Part 2: Where and how to work out:  Coming next week!

Instagram: @theshreddedsalesman

The Shredded Salesman's Secret to Fat Loss is that......there is no secret to fat loss.  It’s fairly well known what causes us to lose fat- energy balance in the body or in layman's terms Calories In vs. Calories Out.  

Our bodies' energy source comes from the calories that are in the food and drink we consume.  Take in fewer calories than your body requires for energy and you will lose weight (calorie deficit).  Take in more calories than your body requires for energy and you will gain weight (calorie surplus).  It's that simple. This is fact and really cannot be disputed.  Eating #paleo will not help you lose fat if it isn't combined with a calorie deficit.  Note- for optimal body composition (building and holding onto muscle), macronutrient ratios (protein/carbs/fat) need to be set as well.  However, if your goal is solely to lose weight you don't have to focus on anything other than calories.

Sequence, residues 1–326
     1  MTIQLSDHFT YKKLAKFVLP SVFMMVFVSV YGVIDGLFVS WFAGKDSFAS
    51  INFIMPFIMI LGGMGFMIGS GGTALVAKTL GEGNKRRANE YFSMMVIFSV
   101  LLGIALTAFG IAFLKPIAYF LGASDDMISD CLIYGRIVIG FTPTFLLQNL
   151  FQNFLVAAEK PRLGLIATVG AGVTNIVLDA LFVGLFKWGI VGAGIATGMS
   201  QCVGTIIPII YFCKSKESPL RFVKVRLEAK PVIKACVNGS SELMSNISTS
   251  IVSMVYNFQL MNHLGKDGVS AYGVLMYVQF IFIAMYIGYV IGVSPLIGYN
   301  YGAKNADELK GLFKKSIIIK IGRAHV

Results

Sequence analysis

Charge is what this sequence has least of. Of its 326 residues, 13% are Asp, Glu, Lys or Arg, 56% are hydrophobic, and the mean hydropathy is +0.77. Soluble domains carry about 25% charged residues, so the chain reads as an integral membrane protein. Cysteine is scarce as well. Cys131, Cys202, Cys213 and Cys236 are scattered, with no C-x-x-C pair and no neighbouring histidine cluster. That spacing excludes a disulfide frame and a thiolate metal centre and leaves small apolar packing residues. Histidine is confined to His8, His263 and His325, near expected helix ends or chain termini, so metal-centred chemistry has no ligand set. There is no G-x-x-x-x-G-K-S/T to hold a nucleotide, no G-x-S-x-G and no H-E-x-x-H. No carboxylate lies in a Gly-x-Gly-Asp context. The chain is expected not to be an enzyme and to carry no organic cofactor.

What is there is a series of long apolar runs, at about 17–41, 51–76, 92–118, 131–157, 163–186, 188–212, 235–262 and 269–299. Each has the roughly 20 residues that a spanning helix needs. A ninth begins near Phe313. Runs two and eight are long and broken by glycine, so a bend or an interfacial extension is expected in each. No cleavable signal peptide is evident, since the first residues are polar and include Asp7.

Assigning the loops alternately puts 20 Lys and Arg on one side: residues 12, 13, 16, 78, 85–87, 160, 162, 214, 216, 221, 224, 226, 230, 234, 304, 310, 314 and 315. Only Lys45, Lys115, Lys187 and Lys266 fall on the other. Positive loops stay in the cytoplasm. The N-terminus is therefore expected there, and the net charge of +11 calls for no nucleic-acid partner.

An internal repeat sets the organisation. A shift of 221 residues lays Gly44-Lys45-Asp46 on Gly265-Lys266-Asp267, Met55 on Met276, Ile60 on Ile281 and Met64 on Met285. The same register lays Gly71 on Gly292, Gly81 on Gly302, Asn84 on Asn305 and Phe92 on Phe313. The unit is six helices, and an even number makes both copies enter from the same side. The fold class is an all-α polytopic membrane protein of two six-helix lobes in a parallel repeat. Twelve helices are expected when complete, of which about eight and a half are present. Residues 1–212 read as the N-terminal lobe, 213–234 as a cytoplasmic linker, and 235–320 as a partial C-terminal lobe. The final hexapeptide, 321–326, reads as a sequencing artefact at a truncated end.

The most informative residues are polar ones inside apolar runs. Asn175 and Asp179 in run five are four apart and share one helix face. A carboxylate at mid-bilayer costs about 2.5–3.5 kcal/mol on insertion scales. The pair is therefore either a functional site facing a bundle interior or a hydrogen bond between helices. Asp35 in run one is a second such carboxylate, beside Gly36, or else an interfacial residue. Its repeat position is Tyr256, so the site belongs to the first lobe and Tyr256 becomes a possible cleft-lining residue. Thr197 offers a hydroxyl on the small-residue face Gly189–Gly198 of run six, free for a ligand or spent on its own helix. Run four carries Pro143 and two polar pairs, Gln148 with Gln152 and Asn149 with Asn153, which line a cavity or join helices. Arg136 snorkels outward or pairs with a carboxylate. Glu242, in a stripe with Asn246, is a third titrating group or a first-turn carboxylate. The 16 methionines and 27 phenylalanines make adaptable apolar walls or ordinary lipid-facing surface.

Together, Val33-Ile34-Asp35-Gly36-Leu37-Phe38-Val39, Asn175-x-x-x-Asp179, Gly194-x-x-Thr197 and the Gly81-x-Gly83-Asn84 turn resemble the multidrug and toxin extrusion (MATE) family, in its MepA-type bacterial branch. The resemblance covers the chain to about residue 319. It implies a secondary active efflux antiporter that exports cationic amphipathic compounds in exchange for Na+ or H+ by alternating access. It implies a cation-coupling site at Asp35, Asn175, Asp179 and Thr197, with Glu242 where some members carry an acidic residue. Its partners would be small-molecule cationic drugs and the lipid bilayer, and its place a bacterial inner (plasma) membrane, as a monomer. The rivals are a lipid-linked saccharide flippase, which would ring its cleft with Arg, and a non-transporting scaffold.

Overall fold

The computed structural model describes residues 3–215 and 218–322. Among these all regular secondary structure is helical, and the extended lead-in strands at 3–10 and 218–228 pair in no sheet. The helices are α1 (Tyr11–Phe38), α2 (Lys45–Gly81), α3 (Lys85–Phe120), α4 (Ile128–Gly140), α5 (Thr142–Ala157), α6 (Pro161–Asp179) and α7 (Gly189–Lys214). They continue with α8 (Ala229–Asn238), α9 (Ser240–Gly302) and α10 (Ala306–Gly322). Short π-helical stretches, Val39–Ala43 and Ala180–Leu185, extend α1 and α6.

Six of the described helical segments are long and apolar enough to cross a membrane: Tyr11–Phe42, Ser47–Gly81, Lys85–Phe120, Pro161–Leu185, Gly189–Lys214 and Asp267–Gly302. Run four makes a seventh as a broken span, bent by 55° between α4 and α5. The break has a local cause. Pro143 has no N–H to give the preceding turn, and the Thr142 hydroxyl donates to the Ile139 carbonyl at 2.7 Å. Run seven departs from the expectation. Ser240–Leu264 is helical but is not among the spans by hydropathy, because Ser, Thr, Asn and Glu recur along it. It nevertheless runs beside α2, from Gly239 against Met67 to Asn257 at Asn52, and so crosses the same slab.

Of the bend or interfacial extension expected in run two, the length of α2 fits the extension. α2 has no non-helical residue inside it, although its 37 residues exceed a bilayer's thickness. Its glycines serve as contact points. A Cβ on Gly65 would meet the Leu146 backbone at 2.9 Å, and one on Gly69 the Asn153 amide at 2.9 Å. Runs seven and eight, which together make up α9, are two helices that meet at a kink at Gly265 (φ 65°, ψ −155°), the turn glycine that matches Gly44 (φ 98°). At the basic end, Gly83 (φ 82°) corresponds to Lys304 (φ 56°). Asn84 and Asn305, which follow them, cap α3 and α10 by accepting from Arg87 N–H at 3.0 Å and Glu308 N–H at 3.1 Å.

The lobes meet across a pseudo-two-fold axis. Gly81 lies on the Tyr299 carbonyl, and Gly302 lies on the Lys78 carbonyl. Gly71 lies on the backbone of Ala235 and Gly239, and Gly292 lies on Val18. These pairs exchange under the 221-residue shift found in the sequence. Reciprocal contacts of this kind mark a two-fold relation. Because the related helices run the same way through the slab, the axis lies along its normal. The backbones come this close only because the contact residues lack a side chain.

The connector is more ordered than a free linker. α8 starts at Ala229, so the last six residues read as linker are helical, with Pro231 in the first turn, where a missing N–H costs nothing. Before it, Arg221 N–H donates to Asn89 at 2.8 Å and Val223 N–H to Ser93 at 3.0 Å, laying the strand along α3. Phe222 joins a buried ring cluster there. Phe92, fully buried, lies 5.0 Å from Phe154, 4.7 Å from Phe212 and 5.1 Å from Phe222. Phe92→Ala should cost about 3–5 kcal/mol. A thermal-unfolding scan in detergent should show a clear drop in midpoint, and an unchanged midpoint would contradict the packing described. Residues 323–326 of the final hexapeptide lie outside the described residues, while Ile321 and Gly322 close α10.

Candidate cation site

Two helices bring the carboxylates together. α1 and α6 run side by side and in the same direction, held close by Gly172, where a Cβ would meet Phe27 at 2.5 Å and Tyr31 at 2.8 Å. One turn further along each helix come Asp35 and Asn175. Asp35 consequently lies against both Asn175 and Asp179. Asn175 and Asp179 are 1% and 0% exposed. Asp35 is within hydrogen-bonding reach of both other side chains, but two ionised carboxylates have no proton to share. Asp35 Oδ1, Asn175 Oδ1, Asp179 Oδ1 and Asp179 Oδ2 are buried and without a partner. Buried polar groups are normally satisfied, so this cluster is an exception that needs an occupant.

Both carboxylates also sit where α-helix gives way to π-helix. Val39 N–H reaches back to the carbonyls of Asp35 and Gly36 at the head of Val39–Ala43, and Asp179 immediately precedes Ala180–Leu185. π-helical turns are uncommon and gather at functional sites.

If it's so simple to lose weight then why is the majority of the U.S. population overweight?

Regarding nutrition, there are two main culprits:

 #1- We overeat relative to the amount of calories our bodies require
Most people have no clue about the basic nutritional profile (calories) of the food they are consuming therefore they overeat and enter into a calorie surplus.  Let's use me as an example.  I more or less maintain my weight around 3,000 calories.  If I take in 3,500 calories daily, I will put on body fat.  And it doesn't matter if the 3,500 calories comes from grilled chicken and vegetables or from chicken fingers and fries.  A calorie surplus will result in weight gain no matter the food choice.  "Eating healthy" does not make you exempt from this. Conversely, if I took in 2,500 calories, that would result in a calorie deficit and fat loss would follow.  Again, it’s as simple as that.